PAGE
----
Today, 8 November 2017, a Bahraini court pushed the final hearing for leading human rights defender Nabeel Rajab’s appeal trial to 22 November, refusing to hear the defense’s arguments and rejecting his petition for bail. Rajab, president of the Bahrain Center for Human Rights (BCHR), has been arbitrarily detained since 13 June 2016 on charges related solely to free expression. Today’s court decision is the latest development in his appeal against the 10 July 2017 ruling in which he was sentenced to a two-year prison term for media interviews about the kingdom’s restrictions on free press. The court refused to review the material submitted by Rajab’s defense team disputing the charge that Rajab had spread “false news” by, among other things, stating that the Government of Bahrain bans reporters from entering the country. The court is expected to issue a final decision for the appeal at the 22 November hearing.
In addition to the two-year sentence he received in this case, Rajab faces another 15 years in a separate trial for comments made on social media in which he criticized the war in Yemen and the systematic use torture in Bahrain’s prisons. The government has pushed his next hearing for this case to 19 November. Furthermore, the authorities have also threatened to prosecute Rajab over editorials that have been published in the New York Times and Le Monde, and another set of comments posted to his social media accounts while he was in detention.
Rajab has spent much of his detention in solitary confinement and unhygienic conditions that have led to a drastic deterioration of his health and repeated hospitalizations. On 26 October 2017, Americans for Democracy & Human Rights in Bahrain (ADHRB) received reports that Rajab had been transferred from Al-Qala’a, the Ministry of Interior (MOI) police clinic, to Jau Prison, the kingdom’s main long-term male detention center, where medical attention has been previously denied to prisoners of conscience. Rajab appears to be kept away from other political prisoners, and the guards have subjected him to degrading treatment, including forcibly shaving his hair, arbitrarily raiding his cell at night, and confiscating his personal items.
Rajab’s imprisonment has been met with condemnation from American officials, who have called on the Bahraini government to release Rajab since both his arrest and conviction. “The sentencing of Mr. Rajab demonstrates a serious step backwards, and undermines my confidence in the Bahraini government’s commitment to reform,” said Senator Ben Cardin (D-MD), Ranking Member of the Senate Foreign Relations Committee (SFRC). The Bahraini authorities have shown a “troubling lack of commitment…to the rule of law, due process, human rights, and protection of universal freedoms.” Senator Marco Rubio (R-FL), another member of the SFRC, called the July sentence “outrageous,” and the State Department indicated that the administration is “disappointed by the verdict” and reiterated its previous calls for Rajab’s release.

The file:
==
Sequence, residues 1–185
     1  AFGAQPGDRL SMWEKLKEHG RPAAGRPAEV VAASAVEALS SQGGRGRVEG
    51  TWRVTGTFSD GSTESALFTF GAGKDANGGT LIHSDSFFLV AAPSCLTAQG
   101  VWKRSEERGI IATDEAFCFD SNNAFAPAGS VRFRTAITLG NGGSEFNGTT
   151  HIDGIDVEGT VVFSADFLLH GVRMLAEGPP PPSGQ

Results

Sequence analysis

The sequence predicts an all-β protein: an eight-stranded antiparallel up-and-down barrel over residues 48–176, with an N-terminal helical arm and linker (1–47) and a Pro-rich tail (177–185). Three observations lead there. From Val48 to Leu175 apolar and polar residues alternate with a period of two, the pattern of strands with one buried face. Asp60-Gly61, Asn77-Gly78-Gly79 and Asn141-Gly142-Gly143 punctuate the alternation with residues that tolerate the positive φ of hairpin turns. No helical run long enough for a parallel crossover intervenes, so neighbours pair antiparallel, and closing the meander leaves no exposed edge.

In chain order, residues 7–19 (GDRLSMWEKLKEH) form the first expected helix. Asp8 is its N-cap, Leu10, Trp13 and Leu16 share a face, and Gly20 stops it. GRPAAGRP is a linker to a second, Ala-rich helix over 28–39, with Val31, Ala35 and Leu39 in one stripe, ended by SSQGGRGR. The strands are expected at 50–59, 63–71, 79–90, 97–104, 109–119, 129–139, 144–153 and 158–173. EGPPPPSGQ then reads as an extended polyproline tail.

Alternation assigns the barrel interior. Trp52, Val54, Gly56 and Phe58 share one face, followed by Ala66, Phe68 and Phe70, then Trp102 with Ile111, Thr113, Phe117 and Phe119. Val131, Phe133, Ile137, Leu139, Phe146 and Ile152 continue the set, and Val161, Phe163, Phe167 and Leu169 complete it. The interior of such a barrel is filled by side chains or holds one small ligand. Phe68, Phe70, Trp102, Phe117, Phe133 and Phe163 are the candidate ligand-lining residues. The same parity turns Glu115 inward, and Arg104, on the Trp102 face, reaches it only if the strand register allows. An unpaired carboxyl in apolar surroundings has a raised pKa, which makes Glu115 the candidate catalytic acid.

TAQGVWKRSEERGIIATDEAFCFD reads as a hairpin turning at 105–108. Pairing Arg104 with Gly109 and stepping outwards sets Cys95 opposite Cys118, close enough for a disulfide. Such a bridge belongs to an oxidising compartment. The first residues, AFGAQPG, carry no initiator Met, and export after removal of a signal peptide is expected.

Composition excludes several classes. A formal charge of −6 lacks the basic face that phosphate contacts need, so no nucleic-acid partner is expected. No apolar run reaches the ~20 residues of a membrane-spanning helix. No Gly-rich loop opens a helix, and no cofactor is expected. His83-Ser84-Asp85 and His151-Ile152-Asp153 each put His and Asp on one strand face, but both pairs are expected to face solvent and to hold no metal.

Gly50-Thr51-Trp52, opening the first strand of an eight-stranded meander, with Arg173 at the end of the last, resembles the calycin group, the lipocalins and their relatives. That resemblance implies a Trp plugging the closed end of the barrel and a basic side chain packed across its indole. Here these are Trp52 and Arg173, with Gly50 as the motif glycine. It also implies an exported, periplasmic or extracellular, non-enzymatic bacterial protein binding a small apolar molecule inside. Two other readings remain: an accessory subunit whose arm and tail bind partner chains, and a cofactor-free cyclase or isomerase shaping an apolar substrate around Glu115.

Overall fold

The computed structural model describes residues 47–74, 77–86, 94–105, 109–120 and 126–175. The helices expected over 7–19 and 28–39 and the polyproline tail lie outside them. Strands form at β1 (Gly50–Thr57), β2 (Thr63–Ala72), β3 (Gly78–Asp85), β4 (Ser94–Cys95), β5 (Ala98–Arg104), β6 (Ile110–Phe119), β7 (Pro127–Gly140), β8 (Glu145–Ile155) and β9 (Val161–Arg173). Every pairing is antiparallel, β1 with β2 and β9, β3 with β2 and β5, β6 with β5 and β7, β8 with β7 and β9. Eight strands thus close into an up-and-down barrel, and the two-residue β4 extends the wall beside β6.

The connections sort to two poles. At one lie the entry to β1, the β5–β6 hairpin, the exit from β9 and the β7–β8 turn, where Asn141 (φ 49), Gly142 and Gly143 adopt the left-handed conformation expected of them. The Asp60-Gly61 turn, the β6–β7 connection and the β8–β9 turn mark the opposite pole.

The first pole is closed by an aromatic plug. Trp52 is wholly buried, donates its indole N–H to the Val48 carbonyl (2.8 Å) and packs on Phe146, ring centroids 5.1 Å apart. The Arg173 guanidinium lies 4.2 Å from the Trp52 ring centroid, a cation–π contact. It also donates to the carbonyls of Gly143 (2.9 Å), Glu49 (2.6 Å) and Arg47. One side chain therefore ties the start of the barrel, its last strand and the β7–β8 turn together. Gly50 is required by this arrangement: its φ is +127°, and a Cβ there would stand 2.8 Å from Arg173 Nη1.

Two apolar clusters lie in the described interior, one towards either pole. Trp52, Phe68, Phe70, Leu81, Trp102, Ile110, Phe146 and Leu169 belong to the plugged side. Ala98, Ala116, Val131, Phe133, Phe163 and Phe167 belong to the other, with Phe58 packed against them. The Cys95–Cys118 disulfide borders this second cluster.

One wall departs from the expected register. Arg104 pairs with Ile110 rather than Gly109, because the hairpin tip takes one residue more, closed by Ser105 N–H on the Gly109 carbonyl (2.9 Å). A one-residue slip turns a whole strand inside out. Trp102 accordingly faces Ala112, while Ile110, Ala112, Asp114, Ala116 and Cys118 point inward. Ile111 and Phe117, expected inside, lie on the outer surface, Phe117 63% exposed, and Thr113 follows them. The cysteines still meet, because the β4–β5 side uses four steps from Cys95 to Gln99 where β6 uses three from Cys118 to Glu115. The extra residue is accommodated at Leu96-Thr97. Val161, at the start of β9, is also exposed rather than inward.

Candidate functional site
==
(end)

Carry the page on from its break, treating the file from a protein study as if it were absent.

Nevertheless, the Trump Administration has largely increased support for the Bahraini government with the State Department approving in September 2017 a $3.8 billion arms sale that had been previously restricted – at least in part – by human rights conditions. The US Government also recently participated extensively in the Bahrain International Defence Exhibition and Conference (BIDEC), the kingdom’s first major defense expo, which was sponsored by American security companies like Lockheed Martin. Despite the government’s ongoing crackdown on civil society – and the fact that the conference was chaired by Bahrain’s Sheikh Nasser bin Hamad Al Khalifa, a prince accused of personally torturing protesters – the US delegation did not appear to raise any concerns about human rights or reform.
Nabeel Rajab is convicted solely for his human rights work, and the Government of Bahrain must immediately release and drop all charges against him and all other prisoners of conscience. Bahraini authorities should also allow Rajab to seek necessary medical attention and lift any bans that prevent him from travelling internationally. The US and the rest of international community must be unequivocal in their calls for these outcomes, and must push the Bahraini government to release all prisoners detained solely for exercising their basic human rights.